Close this search box.

Gratitude for Those Who Lift Us Up

There is a prayer in the Jewish tradition called Modeh Ani, or in English, “I give thanks.”  It is supposed to be recited every morning, while still in bed or during the morning routine, as a way to start the day with gratitude.  My mother decided about a year ago that she wanted to try it. She and my dad started taking a minute together every morning to say the Hebrew words and then share something or someone they each felt grateful for that day.

Not long after trying out this tradition, my mom was diagnosed with cancer.  While she had previously enjoyed the morning gratitude, she now clung to it for hope.  

Copious research shows the benefits of practicing gratitude.   It can give an immediate mood boost.  Expressing gratitude to others helps foster positive relationships.  It can even help treat anxiety and depression. Practicing gratitude, as in journaling, meditating, or writing thank you letters on a regular basis, can actually rewire your brain; participants who practiced gratitude in one study not only felt better in the short-term, but brain scans showed noticeable change in follow ups months later!

Expressing gratitude in the good moments can feel easy or unimportant, but getting into the practice when things are good can help bolster you in the moments when life, and illness, gets tough.  Having the routine in place helps keep you doing it when it feels difficult, and the increased brain activity in that part of your brain will give you hope even if you fall out of the habit.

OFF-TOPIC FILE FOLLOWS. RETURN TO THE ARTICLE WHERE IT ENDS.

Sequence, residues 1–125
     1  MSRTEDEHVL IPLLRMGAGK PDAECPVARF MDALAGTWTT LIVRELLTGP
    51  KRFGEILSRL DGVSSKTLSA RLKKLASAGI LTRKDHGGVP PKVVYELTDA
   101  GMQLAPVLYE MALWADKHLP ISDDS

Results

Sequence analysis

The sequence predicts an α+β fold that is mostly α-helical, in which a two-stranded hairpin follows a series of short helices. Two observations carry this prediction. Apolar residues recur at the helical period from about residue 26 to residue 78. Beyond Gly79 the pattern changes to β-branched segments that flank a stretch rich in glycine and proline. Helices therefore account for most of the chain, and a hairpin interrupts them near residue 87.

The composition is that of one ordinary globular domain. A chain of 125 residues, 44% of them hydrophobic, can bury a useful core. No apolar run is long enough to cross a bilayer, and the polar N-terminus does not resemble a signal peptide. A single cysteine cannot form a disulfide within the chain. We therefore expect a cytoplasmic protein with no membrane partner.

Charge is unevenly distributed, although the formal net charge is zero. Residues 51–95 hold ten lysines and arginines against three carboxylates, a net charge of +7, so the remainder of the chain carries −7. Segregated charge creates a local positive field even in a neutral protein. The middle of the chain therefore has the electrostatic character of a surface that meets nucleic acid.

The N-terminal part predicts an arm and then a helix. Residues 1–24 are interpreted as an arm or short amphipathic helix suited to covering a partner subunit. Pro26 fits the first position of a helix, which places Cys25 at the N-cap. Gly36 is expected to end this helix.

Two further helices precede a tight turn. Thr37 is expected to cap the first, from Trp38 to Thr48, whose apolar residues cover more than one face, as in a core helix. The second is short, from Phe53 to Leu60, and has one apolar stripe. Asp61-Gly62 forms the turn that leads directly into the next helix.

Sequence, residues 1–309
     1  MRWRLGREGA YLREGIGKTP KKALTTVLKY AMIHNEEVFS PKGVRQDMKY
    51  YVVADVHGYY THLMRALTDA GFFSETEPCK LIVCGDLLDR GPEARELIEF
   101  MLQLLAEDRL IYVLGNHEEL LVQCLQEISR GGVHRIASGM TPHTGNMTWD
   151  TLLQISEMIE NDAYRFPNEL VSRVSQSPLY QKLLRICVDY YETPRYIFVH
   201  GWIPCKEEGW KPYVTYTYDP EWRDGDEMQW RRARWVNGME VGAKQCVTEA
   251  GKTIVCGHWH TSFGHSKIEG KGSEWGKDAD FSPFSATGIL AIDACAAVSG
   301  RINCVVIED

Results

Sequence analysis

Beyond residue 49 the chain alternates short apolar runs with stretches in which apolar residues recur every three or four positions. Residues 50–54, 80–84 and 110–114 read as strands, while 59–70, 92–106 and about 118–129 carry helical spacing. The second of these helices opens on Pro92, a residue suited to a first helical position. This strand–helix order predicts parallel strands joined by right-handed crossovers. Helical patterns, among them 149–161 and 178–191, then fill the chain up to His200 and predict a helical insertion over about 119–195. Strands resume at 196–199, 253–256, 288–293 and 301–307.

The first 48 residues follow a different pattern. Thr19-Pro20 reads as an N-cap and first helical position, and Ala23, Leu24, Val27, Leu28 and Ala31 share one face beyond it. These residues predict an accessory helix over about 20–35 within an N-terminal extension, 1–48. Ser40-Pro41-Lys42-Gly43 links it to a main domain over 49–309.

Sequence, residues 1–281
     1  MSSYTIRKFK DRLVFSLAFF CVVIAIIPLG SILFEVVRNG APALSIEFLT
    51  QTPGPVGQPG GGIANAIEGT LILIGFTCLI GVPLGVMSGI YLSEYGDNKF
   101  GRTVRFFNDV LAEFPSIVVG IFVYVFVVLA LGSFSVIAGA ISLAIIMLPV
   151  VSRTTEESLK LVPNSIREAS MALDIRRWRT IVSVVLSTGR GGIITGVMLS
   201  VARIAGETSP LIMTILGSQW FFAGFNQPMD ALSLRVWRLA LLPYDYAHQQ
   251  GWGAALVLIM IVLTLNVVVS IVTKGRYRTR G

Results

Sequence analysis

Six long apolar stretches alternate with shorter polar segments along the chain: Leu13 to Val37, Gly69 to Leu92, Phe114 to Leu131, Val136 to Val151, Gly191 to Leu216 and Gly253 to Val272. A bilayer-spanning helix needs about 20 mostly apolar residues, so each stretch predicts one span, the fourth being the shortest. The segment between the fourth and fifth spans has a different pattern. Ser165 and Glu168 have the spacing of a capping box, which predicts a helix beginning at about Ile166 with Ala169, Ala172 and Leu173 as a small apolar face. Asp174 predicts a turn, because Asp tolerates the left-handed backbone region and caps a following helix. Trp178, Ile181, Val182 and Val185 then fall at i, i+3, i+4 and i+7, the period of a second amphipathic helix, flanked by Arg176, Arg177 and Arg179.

As we brace ourselves for winter and for the food and festivities that may trigger our symptoms, let’s finish November by getting in the habit of gratitude!

I personally feel more grateful than usual this year.  I am so thankful that my mother has finished chemo and surgeries went well.  I am grateful for parents who model positive practices and the honest struggles and joys of a healthy marriage.  I am grateful that my family’s relationship with my illnesses has settled; they have accepted — as I finally have — that this is my state of being.  It does not need to be fixed. I am so thankful every day to know that I can call my parents, siblings, or partner at any point to express pain, grief, or fear, and know that they will listen without judgement. 

I have struggled throughout life to find solid friendships.  I’m sure much of this was due to hiding the sick part of myself and the shame that shrouded it.  I feel so fortunate to finally have the social life I’ve always wanted.  I have friends close by with whom I can be myself.  I can excuse myself to go be horribly sick while they chill in the living room, and then come back to finish the evening with them without feeling ashamed.  I have had to do significant weeding of my friends, only putting energy and spoons into the few who would be accepting and supportive, and who “get it,” no questions asked.  In the end, many of my friends are now fellow spoonies. I am so grateful to have met these incredible souls — the spoonie community truly understands patience, compassion, vulnerability… not to mention the value of hanging out in silence and darkness!